Reading the Screen: Getting Freaky Deaky with Elmore Leonard

freaky-deakyFreaky Deaky, Elmore Leonard’s 1988 novel about ’60s radicals making an comeback in the ’80s, is being turned into a movie. Apparently — see this article at — the writer-director, Charles Matthau, is making some changes to the story, but that’s not necessarily a bad thing.

Quentin Tarantino made some alterations to Rum Punch (1992) when he turned it into Jackie Brown (’97), but he kept the flavor of Leonard’s novel. Tarantino, like Leonard, is a master of dialogue, and the movie feels right, even if it looks different.

Out of Sight, Steven Soderbergh’s 1998 adaptation of the ’96 novel, is another winner. Like Tarantino, Soderbergh clearly understands what’s important in a Leonard novel: character and dialogue. Why more people haven’t heard of this one is beyond me.

Same goes for 52 Pick-Up (1986). Directed by John Frankenheimer and starring Roy Scheider, it’s a gripping adaptation of the 1974 novel. But I’ll bet you’ve never heard of it.

Leonard’s Western short story “Three-Ten to Yuma,” from 1953, has been made into two good movies, in 1957 and 2007, both of them called 3:10 to Yuma.  Paul Newman starred in Hombre (1967), based on Leonard’s 1961 novel. The movie is considered a classic Western, and for good reason.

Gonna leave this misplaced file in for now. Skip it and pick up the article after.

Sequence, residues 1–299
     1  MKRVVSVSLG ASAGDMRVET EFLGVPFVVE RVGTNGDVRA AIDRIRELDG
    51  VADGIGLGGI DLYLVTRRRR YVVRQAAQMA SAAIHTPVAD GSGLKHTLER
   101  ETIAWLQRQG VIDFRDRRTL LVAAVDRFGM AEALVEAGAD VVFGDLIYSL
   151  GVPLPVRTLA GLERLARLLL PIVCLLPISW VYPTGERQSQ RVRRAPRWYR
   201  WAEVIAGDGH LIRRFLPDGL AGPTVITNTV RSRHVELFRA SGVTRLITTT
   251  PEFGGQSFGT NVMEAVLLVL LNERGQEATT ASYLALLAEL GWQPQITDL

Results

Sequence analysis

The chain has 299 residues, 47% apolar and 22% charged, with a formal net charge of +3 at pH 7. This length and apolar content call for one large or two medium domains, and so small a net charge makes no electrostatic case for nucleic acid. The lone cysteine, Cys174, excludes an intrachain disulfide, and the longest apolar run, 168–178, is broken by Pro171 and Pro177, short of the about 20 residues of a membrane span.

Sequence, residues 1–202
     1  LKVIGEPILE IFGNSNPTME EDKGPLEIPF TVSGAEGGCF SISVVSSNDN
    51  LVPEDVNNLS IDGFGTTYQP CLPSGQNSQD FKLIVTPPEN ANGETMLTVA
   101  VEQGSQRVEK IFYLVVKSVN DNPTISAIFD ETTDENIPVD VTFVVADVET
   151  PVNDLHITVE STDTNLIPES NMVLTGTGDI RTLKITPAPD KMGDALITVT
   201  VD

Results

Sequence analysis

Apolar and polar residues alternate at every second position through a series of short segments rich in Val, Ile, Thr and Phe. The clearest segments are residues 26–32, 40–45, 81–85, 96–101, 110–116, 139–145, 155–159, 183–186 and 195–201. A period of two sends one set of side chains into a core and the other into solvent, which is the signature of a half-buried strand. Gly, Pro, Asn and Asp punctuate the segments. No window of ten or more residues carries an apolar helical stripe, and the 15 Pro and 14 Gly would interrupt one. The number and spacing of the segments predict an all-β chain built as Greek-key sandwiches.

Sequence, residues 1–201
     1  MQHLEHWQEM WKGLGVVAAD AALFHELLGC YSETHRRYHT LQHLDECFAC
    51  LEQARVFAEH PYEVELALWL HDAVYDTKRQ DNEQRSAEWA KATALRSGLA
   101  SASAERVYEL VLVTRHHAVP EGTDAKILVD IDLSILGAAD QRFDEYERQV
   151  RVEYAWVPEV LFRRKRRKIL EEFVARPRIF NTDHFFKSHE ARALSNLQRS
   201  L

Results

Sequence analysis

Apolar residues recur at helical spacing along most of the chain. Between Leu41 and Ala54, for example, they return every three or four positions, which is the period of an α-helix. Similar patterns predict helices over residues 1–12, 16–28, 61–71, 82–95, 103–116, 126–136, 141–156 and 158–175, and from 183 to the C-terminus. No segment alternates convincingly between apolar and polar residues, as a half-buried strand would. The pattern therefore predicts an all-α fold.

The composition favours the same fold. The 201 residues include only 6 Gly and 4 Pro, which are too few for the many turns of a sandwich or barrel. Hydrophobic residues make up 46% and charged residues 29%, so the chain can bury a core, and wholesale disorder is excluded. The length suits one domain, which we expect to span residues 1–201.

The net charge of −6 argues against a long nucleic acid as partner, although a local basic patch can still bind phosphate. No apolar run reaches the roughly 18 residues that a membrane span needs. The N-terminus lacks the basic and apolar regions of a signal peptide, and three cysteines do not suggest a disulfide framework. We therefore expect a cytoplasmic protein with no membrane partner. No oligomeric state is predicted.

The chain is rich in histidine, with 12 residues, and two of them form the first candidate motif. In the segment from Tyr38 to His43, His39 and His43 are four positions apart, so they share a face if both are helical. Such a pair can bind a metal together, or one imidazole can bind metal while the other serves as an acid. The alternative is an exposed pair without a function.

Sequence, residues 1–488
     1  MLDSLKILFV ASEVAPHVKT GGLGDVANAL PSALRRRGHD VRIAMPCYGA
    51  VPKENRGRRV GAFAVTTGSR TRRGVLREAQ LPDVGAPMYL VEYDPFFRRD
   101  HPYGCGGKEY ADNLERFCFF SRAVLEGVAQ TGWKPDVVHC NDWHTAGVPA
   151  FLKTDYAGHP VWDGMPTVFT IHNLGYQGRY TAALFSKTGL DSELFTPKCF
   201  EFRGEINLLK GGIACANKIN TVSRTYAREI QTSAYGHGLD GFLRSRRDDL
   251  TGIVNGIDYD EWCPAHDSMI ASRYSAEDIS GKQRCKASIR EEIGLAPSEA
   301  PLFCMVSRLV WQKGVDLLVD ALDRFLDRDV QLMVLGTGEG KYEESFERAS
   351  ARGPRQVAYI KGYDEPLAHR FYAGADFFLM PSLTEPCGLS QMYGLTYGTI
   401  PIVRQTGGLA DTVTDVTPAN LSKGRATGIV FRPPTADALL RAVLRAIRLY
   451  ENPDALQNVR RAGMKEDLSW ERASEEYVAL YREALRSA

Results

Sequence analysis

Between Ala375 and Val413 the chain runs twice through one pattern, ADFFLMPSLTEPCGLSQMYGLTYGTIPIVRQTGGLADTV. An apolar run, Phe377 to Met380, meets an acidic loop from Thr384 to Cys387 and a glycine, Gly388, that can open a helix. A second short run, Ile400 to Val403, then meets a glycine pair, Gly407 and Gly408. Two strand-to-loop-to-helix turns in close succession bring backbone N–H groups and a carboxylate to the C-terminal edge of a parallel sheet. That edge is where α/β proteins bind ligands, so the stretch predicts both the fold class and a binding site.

Barry Sonnenfeld’s Get Shorty (1995) is a get-shortywonderful translation of Leonard’s 1990 novel. On the other hand its sequel, 2005’s Be Cool (based on the ’99 novel), is atrocious. It’s not a translation, it’s a mangling, with a different director and screenwriter but the same star, John Travolta, who should have taken one look at the script and run very far away.

There are other bad adaptations of Leonard’s books — see Stick (’85); Mr. Majestyk (’74); The Big Bounce (2004); Cat Chaser (’89); Valdez is Coming (’71) — but let’s not talk too much about those. Let’s think about the good ones, and let’s hope Freaky Deaky is one of those.



About the Author:

David Pitt lives in Halifax, Nova Scotia. In addition to reviewing for Booklist, he writes a monthly column about paperback fiction and nonfiction for the Winnipeg Free Press. He has contributed to The Booklist Reader since 2010.

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